Starting at the Bushman's Nek Office, where you fill in the mountain register. You pass the South African border post and then cross the stream twice and turn right (if you go straight you are heading towards Tarn Cave and would cross the stream a third time) thus walking with Bushman's River on your right. To your right on the other side of the river you will see Bushman's Nek Hut as you walk along a slightly upward path.

thamathu cave

After 300m where you turned right after the 2nd river crossing the path has two options, straight ahead which takes you to Bushman's Cave and left up the hill in front of you, this is your route, turn left and start up the hill.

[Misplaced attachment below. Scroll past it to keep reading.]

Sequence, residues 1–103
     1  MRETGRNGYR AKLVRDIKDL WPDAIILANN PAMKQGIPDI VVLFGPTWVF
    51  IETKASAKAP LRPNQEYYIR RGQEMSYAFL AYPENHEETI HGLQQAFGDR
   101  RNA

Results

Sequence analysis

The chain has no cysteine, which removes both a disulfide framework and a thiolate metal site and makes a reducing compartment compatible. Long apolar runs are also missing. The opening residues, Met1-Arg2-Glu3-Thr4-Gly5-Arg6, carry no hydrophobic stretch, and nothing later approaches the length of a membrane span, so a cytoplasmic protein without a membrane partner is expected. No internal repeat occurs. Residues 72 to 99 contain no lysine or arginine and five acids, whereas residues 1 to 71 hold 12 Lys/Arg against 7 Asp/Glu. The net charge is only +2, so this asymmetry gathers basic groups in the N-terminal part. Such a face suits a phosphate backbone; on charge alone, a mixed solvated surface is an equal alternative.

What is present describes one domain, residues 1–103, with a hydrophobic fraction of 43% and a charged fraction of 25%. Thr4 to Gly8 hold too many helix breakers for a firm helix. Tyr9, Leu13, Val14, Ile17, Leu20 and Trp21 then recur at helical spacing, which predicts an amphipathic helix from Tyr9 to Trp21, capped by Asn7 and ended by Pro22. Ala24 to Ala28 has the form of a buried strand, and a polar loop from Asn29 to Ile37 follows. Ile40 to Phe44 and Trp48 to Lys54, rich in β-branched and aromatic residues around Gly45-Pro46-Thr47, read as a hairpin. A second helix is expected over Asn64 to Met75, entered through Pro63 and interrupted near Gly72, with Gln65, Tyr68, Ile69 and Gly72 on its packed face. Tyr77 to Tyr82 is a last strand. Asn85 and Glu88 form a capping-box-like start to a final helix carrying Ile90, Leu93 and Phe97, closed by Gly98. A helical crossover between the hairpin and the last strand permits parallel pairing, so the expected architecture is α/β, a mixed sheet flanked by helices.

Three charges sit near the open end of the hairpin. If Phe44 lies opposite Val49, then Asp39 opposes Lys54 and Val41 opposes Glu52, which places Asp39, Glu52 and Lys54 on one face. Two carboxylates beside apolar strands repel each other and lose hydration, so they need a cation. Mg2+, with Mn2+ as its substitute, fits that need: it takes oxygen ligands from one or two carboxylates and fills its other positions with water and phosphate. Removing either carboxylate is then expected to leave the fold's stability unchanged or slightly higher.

After climbing the 1st hill the path flattens out for a short breather, then up the next hill. The path is visible all the way as you wind up this hill on the left-hand side. At the top you have now done 3.2km, the views start to show themselves all around you.

A nice flat section is next and then up the next hill. You are heading in a West / North West direction all the way from here until just before Thamathu cave. The gradient over this next hill is pretty similar to what you have already climbed. At 5.8km (you only have 1.1km's to go) the path again has two options, a short steep uphill (this path is not well defined) of about 150m uphill or to continue straight along the contours of the hill you are on. Both will get you to Thamathu cave.